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4 thanksgiving stressors + how to be thankful anyway


Here in the US, Thanksgiving is just a few days away. While the holiday should be filled with gratitude, but as the day grows near, it’s not unusual for people to feel more panicked than peaceful. The holiday—and, for many, the launch of the “holiday season”—is meant to remind us to be thankful, but with all of the extra stress—the family time, the meal preparations, and the pressure of getting the festivities just right—it can be difficult to maintain an attitude of gratitude.

But staying thankful, even during the most stressful moments, is one of the best ways to fill the day with peace and positivity. Below you'll find four potentially stressful situations you might encounter this Thanksgiving—and four ways you can be grateful for them. (And if you're not celebrating Thanksgiving, don't click off just yet—these might be situations you'll encounter during other holidays or even on a daily basis!)


Stressor No. 1 : Too much togetherness

You might love your family, but spending significant amounts of time with all of them at once can be a bit much. It’s hard not to get caught up in wanting to be somewhere else when you’ve had enough family time, but when you find yourself overwhelmed by those you love, take a moment to imagine life without them and be thankful for the moments you have with them.


Stressor No. 2 : Unexpected delays

Nothing ramps up holiday stress like an unexpected delay—a flight grounded by bad weather, a turkey taking way too long to cook. Instead of fretting about being late or having to wait, try to enjoy the extra time you have on your hands. Read an extra chapter or two in your book, call a loved one for a chat, or start a board game with the family. Rather than dwelling on the delay, be thankful for the surprise of extra time.


Stressor No. 3 : Maddening mishaps

Every year it happens: something goes wrong. The food’s burnt. The taboo topic is brought up. The guests who declined arrive anyway. Instead of focusing on what’s wrong, choose to focus on what’s right. A mishap might shine a light on a minor catastrophe, but you have the option to redirect that beam to all that’s still going right. Be grateful for the things that have fallen properly into place.


Stressor No. 4 : Awkward interactions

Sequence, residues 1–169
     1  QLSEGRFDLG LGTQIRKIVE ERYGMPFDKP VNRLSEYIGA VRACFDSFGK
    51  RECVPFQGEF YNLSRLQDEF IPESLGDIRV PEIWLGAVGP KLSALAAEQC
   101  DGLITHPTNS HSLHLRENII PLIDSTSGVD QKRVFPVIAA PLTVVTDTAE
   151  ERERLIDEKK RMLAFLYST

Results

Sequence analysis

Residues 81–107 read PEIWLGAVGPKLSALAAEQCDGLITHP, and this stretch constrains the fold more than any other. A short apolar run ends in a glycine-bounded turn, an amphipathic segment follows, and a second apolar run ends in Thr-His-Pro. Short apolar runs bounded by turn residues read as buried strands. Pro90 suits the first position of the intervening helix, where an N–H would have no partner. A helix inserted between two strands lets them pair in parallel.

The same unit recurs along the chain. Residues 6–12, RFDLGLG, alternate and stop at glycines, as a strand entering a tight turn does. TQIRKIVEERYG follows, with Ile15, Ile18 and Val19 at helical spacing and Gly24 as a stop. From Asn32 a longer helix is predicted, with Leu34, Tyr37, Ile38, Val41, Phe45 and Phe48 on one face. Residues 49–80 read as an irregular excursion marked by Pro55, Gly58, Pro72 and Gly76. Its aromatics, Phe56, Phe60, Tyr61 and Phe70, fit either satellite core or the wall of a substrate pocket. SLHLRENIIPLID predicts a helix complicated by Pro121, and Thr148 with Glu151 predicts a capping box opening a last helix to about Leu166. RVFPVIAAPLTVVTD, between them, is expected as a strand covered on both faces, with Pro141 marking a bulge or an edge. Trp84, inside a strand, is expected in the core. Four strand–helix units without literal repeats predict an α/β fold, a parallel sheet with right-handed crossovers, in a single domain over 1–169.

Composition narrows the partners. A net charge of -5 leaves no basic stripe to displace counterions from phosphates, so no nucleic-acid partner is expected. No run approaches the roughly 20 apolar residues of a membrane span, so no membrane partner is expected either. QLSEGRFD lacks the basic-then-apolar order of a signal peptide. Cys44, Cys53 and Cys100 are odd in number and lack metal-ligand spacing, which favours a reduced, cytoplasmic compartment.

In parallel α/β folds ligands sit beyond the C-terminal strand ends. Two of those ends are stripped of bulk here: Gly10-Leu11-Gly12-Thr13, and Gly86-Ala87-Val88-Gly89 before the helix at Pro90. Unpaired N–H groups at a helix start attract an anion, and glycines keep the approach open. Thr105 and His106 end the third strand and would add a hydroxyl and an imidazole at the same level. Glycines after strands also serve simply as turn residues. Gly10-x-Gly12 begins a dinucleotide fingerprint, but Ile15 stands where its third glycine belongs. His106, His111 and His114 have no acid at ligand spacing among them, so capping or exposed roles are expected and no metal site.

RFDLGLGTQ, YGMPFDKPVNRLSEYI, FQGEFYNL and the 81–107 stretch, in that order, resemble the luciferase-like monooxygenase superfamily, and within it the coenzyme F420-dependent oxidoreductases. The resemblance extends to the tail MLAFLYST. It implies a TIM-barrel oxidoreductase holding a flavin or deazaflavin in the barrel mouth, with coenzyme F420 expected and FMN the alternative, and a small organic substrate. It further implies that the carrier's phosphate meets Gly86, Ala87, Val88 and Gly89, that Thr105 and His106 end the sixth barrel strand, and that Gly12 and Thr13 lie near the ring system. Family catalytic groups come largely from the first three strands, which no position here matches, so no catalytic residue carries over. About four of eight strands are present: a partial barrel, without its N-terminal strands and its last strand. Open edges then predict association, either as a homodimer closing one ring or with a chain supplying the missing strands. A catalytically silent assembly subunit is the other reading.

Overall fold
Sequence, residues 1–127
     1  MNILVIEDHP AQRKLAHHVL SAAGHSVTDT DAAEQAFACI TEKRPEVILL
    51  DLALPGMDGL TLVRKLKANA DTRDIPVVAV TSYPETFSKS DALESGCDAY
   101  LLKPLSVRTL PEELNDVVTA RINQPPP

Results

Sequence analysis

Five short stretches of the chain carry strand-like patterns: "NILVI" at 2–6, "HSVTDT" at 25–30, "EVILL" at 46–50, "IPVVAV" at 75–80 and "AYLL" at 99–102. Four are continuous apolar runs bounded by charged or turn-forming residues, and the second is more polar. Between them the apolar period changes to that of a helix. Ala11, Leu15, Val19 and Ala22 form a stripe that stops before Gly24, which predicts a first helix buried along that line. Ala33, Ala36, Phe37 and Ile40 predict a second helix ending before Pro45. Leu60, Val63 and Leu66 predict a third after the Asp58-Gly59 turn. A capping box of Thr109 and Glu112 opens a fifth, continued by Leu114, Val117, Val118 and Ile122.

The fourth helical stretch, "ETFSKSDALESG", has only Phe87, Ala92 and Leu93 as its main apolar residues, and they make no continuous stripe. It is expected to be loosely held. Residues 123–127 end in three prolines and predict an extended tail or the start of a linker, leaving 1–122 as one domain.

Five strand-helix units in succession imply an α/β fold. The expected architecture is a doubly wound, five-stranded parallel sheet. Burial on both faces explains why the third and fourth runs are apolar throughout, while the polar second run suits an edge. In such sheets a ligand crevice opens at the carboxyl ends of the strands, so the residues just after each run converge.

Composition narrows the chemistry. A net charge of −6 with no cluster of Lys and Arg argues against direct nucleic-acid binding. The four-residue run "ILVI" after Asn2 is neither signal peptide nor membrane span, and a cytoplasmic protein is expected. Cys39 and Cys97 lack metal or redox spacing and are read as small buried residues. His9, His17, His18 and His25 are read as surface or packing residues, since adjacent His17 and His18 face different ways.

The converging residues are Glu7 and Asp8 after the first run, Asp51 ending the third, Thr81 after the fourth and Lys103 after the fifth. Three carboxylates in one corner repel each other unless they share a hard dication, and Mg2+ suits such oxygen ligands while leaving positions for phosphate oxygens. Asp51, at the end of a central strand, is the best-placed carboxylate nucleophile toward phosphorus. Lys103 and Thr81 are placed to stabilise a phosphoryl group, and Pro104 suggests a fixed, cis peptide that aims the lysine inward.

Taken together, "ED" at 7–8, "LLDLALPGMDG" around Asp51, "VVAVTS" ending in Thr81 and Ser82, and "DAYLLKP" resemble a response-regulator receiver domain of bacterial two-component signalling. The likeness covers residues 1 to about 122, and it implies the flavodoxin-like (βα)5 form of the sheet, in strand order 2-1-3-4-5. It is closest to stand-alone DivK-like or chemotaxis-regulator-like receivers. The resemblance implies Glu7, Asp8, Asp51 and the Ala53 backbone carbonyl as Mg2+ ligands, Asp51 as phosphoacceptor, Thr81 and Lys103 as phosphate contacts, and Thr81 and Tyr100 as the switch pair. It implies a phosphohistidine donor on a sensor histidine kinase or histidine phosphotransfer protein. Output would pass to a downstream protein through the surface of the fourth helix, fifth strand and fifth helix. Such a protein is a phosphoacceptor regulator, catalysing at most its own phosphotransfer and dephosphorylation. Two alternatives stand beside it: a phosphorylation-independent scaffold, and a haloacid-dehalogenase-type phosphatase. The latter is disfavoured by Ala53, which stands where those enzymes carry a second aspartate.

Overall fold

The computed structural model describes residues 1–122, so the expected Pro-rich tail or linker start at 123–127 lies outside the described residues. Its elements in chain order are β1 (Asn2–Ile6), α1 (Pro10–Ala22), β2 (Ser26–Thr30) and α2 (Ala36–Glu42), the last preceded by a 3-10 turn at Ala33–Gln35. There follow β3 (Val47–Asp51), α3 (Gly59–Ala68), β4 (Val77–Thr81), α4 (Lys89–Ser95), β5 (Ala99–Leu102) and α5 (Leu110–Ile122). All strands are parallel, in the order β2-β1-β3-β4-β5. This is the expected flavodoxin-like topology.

During holiday festivities, you’re bound to encounter someone you’d rather not see, cueing awkwardness. Oddly enough, awkward feelings are something you should be grateful for. When you feel awkward, you have a chance to learn, to ask yourself what makes you uncomfortable and either choose to overcome or avoid it. Be thankful for that opportunity. 


We all know that it can be hard to stay thankful all day long on Thanksgiving, especially when the day is often filled with unexpected and atypical stress. But if you keep one thing in mind on the big day, let it be this: stay present.

Most of our stress is caused by focusing on the past—what a relative said or did last year that's still irking you, measuring this year's festivities to a past holiday that remember (perhaps not entirely accurately) as perfect, or continuing to fret over work-related issues that happened earlier in the week—or by focusing on the future—imagining the domino effect of delays that will occur when your flight is late, worrying about how you'll get all of the Christmas tasks crossed off in less than a month, or dwelling on what others will say about your cooking / attire / decor when they leave your family gathering. 

When we stress, we're in the past or the future. The present is what it is. When you don't compare it to what was or assess how it will impact what will be, you stay in the moment and you're able to enjoy more easily enjoy the moments you're in. Staying present amidst the holiday hecticness is challenging, but if you focus on the now, you'll find it much easier to stay positive, peaceful, and thankful this Thanksgiving.